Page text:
If the threat of facing off against two of S.H.E.I.L.D.’s top heroes isn’t enough to stop a villain in his tracks, maybe the head-to-toe look of a detailed superhero costume will make the bad dudes think twice. We recommend having Captain America pairing up a big ol’ fist along with his Vibranium shield , and when Iron Man stands by his side, the high tech armament courtesy of Stark Industries is sure to give the most villainous threats a pause before they attempt to enact their diabolical plans. Pose your children side by side to achieve this shot, and even if their sights are solely set on filling up their trick-or-treat bags, they’ll be able to make the neighborhood rounds like true Avengers.

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Vampirella is a character that is almost entirely defined by her looks. While she has been in comic book series regularly since her debut in “Vampirella” #1 in 1969, the character has largely been known for her incredibly skimpy outfit. Even in her very first comic, the cover is drawn by the legendary Frank Frazetta and shows Vampirella front and center with her legs spread and one hand placed suggestively on her hip.
Just in case you thought loving comic book characters and superheroes at your age wasn't normal, you will be surprised to find out that even our favorite Hollywood celebrities love them. These celebrities go further to buy costumes, whether for Halloween parties or to attend conventions and appear at parties and such events dressed as their favorite characters.
Silly as it may seem, the 1960's Batman TV show had a lot going for it in the costume department. While Adam West's Batman was less a dark knight than a kind of schlubby guy in tights, Burt Ward's Robin was almost a direct translation of the Boy Wonder's classic look, pixie boots and all. Additionally, Yvonne Craig's flashy, sexy Batgirl defined the character's look in a way that is still felt in modern takes on the costume, where it's common place to inject some purple into Batgirl's palette.
Having played Buffy Summers to an entire generation, Sarah Michelle Gellar is a high school cheerleader (in Buffy the Vampire Slayer ) who is gifted and can fight demons and vampires. For which she won six Teen Choice Awards and the Saturn Award for Best Genre TV Actress and received a Golden Globe Award nomination for Best Actress – Television Series Drama.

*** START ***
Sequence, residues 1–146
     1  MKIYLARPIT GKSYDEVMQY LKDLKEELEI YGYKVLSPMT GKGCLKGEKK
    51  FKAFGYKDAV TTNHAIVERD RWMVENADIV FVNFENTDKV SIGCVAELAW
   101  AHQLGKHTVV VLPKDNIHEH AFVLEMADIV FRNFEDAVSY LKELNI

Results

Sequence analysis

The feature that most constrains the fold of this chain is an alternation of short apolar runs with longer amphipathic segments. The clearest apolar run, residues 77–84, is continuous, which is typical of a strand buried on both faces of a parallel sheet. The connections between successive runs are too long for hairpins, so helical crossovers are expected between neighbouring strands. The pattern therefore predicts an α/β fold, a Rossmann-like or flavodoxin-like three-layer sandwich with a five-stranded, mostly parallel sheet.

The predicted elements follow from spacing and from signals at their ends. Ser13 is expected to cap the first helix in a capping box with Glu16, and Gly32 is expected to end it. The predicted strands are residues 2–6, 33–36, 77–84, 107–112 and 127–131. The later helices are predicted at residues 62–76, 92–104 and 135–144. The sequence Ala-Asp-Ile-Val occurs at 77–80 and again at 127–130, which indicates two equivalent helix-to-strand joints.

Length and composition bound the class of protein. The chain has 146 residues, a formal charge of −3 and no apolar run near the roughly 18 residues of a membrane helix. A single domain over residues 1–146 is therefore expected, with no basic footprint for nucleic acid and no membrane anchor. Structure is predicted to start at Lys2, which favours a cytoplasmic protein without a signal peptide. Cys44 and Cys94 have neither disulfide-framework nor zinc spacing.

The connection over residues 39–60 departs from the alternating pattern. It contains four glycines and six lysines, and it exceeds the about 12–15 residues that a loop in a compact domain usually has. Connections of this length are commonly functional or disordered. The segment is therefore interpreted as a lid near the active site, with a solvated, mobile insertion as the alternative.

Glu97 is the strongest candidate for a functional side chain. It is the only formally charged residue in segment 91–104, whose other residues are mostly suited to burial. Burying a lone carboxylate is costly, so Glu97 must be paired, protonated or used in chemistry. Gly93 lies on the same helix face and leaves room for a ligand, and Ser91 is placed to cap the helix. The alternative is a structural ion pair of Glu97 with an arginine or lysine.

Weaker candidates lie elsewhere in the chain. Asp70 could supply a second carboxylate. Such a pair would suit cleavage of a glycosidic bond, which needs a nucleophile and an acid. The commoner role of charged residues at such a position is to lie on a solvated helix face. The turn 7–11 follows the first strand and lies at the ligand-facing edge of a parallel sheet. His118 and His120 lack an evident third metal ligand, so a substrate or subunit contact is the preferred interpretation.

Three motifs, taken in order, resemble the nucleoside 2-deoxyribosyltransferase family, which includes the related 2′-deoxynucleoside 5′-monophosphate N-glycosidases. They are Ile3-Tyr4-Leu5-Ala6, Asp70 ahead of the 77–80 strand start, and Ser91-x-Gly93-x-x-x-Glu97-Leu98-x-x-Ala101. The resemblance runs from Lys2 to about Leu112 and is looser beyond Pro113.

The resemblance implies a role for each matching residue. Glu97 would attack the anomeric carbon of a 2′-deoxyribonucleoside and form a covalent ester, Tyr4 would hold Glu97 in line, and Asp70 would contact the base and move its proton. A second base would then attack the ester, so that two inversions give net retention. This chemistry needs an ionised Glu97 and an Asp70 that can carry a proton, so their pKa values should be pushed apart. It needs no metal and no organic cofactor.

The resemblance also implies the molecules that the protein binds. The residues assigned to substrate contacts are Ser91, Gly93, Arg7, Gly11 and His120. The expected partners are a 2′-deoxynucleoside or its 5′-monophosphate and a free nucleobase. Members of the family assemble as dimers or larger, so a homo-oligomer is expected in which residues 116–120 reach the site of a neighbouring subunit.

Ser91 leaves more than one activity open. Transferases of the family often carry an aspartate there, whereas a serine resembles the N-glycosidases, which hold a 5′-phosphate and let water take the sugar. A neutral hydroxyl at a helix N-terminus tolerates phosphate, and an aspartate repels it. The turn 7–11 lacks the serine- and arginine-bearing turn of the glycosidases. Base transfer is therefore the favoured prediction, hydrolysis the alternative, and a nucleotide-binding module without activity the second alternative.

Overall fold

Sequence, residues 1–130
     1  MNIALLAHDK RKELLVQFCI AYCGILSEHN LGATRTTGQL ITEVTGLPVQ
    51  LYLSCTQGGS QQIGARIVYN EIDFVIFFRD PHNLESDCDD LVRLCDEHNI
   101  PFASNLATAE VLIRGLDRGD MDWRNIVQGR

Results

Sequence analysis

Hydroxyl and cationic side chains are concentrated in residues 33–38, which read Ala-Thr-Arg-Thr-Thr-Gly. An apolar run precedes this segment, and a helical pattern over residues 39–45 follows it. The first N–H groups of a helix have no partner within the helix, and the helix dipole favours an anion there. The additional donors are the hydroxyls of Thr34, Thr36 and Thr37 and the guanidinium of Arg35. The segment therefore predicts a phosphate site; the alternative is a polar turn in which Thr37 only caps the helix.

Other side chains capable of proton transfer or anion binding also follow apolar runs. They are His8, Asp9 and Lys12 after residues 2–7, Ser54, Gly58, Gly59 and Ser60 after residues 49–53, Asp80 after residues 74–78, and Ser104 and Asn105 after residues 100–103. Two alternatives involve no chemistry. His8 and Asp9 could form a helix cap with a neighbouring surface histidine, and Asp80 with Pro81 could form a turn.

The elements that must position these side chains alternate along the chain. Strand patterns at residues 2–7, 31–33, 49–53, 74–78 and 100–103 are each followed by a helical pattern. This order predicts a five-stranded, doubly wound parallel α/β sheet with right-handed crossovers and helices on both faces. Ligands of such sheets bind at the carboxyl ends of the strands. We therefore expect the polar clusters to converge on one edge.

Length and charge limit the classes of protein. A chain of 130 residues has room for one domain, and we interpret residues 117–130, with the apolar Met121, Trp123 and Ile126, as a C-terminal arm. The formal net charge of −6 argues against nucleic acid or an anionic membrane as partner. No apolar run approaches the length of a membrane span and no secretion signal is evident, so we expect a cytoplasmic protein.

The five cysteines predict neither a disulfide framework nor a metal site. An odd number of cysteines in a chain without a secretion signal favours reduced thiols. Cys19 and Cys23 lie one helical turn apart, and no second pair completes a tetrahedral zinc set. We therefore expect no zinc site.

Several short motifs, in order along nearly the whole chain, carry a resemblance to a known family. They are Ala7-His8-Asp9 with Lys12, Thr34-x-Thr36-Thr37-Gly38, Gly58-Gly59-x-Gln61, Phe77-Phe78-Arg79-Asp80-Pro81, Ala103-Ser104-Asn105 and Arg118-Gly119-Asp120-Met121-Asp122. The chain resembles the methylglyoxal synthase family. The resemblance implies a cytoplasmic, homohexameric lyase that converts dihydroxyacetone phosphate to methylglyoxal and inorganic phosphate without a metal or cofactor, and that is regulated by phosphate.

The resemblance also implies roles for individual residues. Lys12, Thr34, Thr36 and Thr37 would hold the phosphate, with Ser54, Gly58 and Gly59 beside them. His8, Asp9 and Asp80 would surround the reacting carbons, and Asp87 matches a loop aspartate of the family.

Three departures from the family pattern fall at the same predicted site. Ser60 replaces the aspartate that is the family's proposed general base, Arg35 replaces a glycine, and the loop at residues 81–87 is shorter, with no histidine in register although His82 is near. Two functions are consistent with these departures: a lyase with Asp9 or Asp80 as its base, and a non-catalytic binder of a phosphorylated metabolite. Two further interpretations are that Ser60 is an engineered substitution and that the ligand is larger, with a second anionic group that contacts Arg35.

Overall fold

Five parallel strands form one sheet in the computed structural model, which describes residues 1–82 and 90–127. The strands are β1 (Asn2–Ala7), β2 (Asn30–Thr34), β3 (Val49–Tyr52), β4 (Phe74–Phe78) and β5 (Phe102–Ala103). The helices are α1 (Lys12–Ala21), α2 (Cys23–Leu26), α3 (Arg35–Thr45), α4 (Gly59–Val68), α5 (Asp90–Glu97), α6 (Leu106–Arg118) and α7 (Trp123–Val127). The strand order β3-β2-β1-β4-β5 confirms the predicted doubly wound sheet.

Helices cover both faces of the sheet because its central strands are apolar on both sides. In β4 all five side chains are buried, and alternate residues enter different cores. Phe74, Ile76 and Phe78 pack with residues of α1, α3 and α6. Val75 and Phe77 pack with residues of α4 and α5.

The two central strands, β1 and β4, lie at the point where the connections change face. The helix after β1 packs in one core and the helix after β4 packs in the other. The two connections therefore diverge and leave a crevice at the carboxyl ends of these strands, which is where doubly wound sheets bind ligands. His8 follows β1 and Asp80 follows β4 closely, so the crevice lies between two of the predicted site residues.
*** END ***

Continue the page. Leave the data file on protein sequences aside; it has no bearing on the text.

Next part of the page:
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Sure, critics might say that her barely-there costume was a product of the time. In the ‘80s and ‘90s, comic book fans responded to female characters that were dressed in next to nothing. However, when DC began the “New 52” relaunch, they came under fire from readers with their new version of Starfire. Her already skimpy costume was reduced even more to being almost non-existent. She appeared in a bikini and nude in scenes, and it was almost as if readers were transported back to the mid-‘90s “Marvel Swimsuit Special.” It wasn’t until recently that the character has received a much more appropriate costume.
Over the years, though, in an attempt to lighten the character up, the black of Batman's costume became bluer and bluer and during the 1960s, DC even added a yellow oval behind Batman's bat symbol on his chest. In the 21st Century, however, artists have re-embraced that classic design and gone in the direction that Jim Lee took the costume during "Hush," which is to make it dark and have the chest symbol return to just a black one without the yellow oval, which brought a little too much lightness to the design. Frank Miller famously was initially stuck with the yellow oval look in Dark Knight Returns, but then had Batman shot in the chest. When he fixed the costume, the yellow oval was gone for the rest of the series! 

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Harley is one of the most entertaining villains Batman has to fight occasionally, second only to the Joker. She is the Joker's lover and partner in crime, although their relationship is weird on so many levels. Harley used to be a normal psychiatric intern in Arkham Asylum, where she met the Joker and then turned into the crazy person she is today.